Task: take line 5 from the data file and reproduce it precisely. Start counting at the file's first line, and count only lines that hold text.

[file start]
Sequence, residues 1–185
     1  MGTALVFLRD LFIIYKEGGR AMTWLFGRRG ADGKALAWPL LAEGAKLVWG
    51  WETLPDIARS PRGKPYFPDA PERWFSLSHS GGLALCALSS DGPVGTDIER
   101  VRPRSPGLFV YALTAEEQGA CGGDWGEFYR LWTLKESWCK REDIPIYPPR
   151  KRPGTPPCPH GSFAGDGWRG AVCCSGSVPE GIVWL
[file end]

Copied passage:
   151  KRPGTPPCPH GSFAGDGWRG AVCCSGSVPE GIVWL